He added that Painting with a Twist was mentioned in the Forbes Top 500 for its category — Forbes in 2015 ranked the company number one among the paint-and-drink franchises to watch out for.

Paintbrushes at the studio shed their technical names and only have friendly names: Big Papa, Big Mama and Little Richard. Paddyfote emphasized the lighthearted nature of the session and the efforts the artists take to make their guests comfortable.

“Along with showing the patrons how to paint, you’re also an entertainer,” Paddyfote said. “You’re like the DJ of the party.”

Guests can participate in a variety of painting experiences: Grosvenor was instructing an open studio, where guests can sign up for a 2-hour or 3-hour session to work on a painting chosen by the instructors. During off-site sessions, instructors go to the site itself.

Painting with a Twist also unveiled its Bluetooth canvas about three months ago: guests can now paint on a canvas that could also produce music. Selling at a $100 a canvas, all the Bluetooth canvas needs is a phone to pair with and it would start playing Pandora favorites with a click.

Trademark events include special painting sessions for children groups, where Paddyfote said the kids are free to bring their “sippies.” Another crowd-pleaser is the Paint Your Pet session: Patrons can send a photo of their pet to Painting with a Twist, where the artists will complete an initial tracing. On this tracing, guests can begin drawing and painting their own pets. After three hours, they have a likeness of their pet to take home with them.

“I think it’s one of the most rewarding classes, because they get to hang up their pet,” said Paddyfote, whose Jack Russell Terrier, Travel, hangs at the entrance of the Liverpool franchise.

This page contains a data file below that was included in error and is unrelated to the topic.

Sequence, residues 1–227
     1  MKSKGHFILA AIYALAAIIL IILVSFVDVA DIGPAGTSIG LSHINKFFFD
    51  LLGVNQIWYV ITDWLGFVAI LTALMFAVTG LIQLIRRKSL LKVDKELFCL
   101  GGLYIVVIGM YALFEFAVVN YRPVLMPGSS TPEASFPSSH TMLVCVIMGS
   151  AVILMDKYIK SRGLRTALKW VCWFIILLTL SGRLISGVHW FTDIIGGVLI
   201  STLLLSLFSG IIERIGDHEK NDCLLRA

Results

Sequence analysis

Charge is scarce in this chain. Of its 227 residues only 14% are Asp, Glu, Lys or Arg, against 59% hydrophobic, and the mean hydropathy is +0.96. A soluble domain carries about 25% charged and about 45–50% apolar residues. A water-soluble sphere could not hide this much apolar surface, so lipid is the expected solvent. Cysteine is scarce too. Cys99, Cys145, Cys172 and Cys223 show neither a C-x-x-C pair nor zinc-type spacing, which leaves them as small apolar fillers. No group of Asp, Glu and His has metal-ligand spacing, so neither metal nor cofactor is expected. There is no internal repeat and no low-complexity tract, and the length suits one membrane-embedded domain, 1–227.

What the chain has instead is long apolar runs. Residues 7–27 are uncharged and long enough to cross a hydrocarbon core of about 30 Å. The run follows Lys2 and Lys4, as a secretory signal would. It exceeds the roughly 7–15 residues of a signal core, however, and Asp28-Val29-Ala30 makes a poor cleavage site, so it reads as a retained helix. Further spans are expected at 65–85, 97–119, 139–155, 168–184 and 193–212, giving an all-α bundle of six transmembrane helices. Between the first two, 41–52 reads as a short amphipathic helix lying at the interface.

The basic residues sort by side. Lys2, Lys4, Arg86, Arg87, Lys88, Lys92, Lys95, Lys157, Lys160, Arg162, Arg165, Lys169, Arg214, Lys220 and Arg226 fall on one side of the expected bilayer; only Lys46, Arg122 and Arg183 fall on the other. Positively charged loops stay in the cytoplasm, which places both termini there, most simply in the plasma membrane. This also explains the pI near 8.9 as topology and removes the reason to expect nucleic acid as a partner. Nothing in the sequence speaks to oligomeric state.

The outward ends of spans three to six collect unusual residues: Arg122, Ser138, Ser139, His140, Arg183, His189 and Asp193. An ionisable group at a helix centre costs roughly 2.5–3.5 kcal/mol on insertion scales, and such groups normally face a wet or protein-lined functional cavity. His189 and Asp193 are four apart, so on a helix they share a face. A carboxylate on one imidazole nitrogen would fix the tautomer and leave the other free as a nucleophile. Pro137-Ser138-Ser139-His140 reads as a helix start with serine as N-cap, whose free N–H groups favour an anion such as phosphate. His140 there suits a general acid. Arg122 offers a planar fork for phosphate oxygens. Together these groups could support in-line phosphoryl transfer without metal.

No matter where the painting occurs, instructors try to transport “the ambience of the studio” as much as possible, Paddyfote said.

“Many people come here saying ‘I can’t do that, I can’t even draw a stick figure,’” he said.

“With the talented artists here, we are able to finish a painting in two hours that people are proud to hang up on their walls.”

Apart from these varieties, Painting with a Twist also conducts private sessions at the studio, costing adults $35 and children $25.

The franchise in Liverpool fulfills Painting with a Twist’s national reputation. Hundreds of paintings cover the walls from top to bottom. More than 120 paintings hang in just the bathroom at the studio. Colorful splatters of dried paint decorate any remaining empty space on the floor.

Every month, Painting with a Twist produces 35 to 40 new paintings. Along with children-special paintings of animals and couple-special paintings, canvases sprawling with trees, leaves, snow and nature in all its glory decorate the walls of the Liverpool branch.

Last Tuesday, long tables stood ready with blank canvas and steady easel, waiting for the guests to put on their smocks. Nine ladies from the Rotary Club of Baldwinsville sat down and rolled up their sleeves.

A table in front of their canvases held a feast: a chocolate pizza box gaped open next to strawberries and baby carrots, and of course, four bottles of wine and a box of Sangria. Amidst raucous laughter and music blaring from the speakers, instructor David “the Steinman” Stein kicked things off.

“Let’s get started,” Stein said.